Whether the district court correctly granted the preliminary injunction on tribal self-government grounds necessarily involves an analysis of the relationship between Aetna and the Tribe. The analysis of state suretyship law must be made in light of the state court's lack of jurisdiction over the Tribe, but also in light of the state court's presumptive jurisdiction over Aetna. The question comes down to the single issue whether state jurisdiction over Aetna is defeasible by reason of Aetna's contract with the Tribe, a party over which the state has no jurisdiction.
It is well settled that civil jurisdiction over activities of non-Indians concerning transactions taking place on Indian lands "presumptively lies in the tribal courts unless affirmatively limited by a specific treaty provision or federal statute." Iowa Mutual Ins. Co. v. LaPlante, 480 U.S. 9, 107 S.Ct. 971, 978, 94 L.Ed.2d 10 (1987); Wellman v. Chevron U.S.A., Inc., 815 F.2d 577, 578 (9th Cir.1987); see Snowbird Constr. Co. Inc. v. United States, 666 F.Supp. 1437, 1443 (D.Idaho 1987). To override this presumption, Smith Plumbing must demonstrate that the exercise of state court jurisdiction over Aetna in requiring it to perform under its bond does not substantially affect activities in Indian country. The question involves the purpose of the protective statutory and case law that non-Indians may not sue an Indian tribe in a state court to obtain rights against Indian property. See Fisher v. District Court, 424 U.S. 382, 388, 96 S.Ct. 943, 947, 47 L.Ed.2d 106 (per curiam) (1976); F. Cohen, Handbook of Federal Indian Law (1982 ed.) [hereinafter cited as Cohen], at 359.
An important aspect of tribal sovereignty is authority over the activities of non-Indians in Indian country. LaPlante, 107 S.Ct. at 978; see Montana v. United States, 450 U.S. 544, 565-66, 101 S.Ct. 1245, 1258-59, 67 L.Ed.2d 493 (1981); Fisher, 424 U.S. at 387-89, 96 S.Ct. at 946-48; F. Cohen at 359 ("Tribal self-government requires that tribal authority over Indian property on a reservation be exclusive of state authority"). Tribal courts, moreover, are the "appropriate forums for the exclusive adjudication of disputes affecting important personal and property interest of both Indians and non-Indians." Santa Clara Pueblo v. Martinez, 436 U.S. 49, 65, 98 S.Ct. 1670, 1680, 56 L.Ed.2d 106 (1978) (emphasis added); see A & A Concrete, Inc. v. White Mountain Apache Tribe, 781 F.2d 1411, 1415 (9th Cir.), cert. denied, 476 U.S. 1117, 106 S.Ct. 2008, 90 L.Ed.2d 659 (1986); Superior Oil Co. v. Merritt, 619 F.Supp. 526, 533 (D.Utah 1985).
Conceding the general principles favoring the protection of tribal interests from possibly hostile adventures by plaintiffs suing in state courts, Smith Plumbing argues that the district court should not have decided this case by anticipating downstream disputes that may or may not arise between Aetna and the Tribe. We agree.
For the purposes of this case it is irrelevant that at some future date Aetna may seek in some manner to invoke Ariz.Rev.Stat.Ann. Sec. 12-1642 (1982). The statute directs that where an issue involving a surety "is determined in favor of the surety, the court shall order the sheriff to levy the execution first upon the property of the principal which is subject to the execution...." However, it is entirely speculative and anticipatory to rely upon possible applications of this statute in hypothetical state court litigation to enjoin Smith Plumbing's action against Aetna. The statute obviously can have no application in the tribal court.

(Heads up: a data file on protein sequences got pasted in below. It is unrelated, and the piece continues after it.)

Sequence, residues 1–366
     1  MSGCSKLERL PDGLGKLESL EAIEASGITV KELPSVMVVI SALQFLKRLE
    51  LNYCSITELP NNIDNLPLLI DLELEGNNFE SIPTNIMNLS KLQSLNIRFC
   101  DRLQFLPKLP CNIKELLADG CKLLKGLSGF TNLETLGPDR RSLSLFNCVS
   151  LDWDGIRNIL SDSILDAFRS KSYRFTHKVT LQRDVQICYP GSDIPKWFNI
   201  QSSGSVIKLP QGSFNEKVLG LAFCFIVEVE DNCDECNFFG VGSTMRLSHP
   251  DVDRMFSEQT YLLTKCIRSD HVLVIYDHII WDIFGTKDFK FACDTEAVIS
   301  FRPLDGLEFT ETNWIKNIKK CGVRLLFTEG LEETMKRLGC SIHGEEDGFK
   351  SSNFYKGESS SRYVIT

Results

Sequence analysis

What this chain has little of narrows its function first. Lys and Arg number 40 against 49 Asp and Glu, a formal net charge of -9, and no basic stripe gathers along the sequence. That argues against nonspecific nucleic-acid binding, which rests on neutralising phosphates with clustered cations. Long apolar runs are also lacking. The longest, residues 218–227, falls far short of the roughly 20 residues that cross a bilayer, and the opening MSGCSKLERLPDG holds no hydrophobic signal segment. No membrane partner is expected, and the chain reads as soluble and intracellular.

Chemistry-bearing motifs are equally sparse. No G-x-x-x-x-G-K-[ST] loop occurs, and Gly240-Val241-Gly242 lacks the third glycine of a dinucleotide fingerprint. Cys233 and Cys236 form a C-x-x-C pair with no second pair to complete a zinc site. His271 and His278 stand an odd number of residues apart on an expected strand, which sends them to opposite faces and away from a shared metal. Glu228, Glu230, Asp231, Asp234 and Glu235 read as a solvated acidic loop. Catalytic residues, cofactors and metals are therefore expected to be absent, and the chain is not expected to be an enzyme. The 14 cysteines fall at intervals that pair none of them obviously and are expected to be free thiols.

Federal housing policy goals, Smith Plumbing argues, require that beneficiaries of payment bonds be able to sue the surety without regard to secondary, private agreements that the surety may have entered into with a tribe or with some entity that enjoys some other form of immunity from suit in state court. Smith Plumbing argues that concerns about tribal self-government should be saved for any future dispute that may or may not arise if Aetna brings a claim for indemnity against the tribe. No such dispute presently exists. In the event of such a dispute, Smith Plumbing argues, the surety would have recourse against the Tribe only in the tribal courts. See National Farmers Union Ins. Co. v. Crow Tribe, 471 U.S. 845, 856, 105 S.Ct. 2447, 2453, 85 L.Ed.2d 818 (1985) (reaffirming the initial jurisdiction of tribal courts). That was a part of Aetna's undertaking when it chose to do business with a tribe. But these concerns have nothing to do with Smith Plumbing.
The Tribe argues that it is immaterial that the parties to the state court action are all non-Indians. Williams v. Lee, 358 U.S. 217, 223, 79 S.Ct. 269, 272, 3 L.Ed.2d 251 (1959); Joe v. Marcum, 621 F.2d 358, 361-62 (10th Cir.1980). The argument misses the point that the only property subject to a state court judgment in favor of Smith Plumbing would be that of Aetna. In such cases, "states have always retained civil jurisdiction over disputes between non-Indians involving interests in property within an Indian reservation." Kuykendall v. Tim's Buick, Pontiac, GMC & Toyota, Inc., 149 Ariz. 465, 719 P.2d 1081, 1083 (1985). In this case, no Indian assets or other property situated in Indian country could be directly affected by a judgment for Smith Plumbing against Aetna. Neither would a judgment for Smith Plumbing necessarily have preclusive consequences on the rights of Aetna to indemnity. If the Tribe refuses to comply with its resolution of indemnity, Aetna may indeed be required to seek its remedy in tribal court. But this is a matter of no concern to Smith Plumbing, a stranger to the agreements between Aetna and the Tribe. Moreover, with respect to tribal self-government, the state court case is in no manner a civil case "where a non-Indian plaintiff seeks to sue an Indian or to attach or affect Indian property in Indian country." F. Cohen at 349. The pertinent facts here simply do not call for the state court proceedings to be enjoined.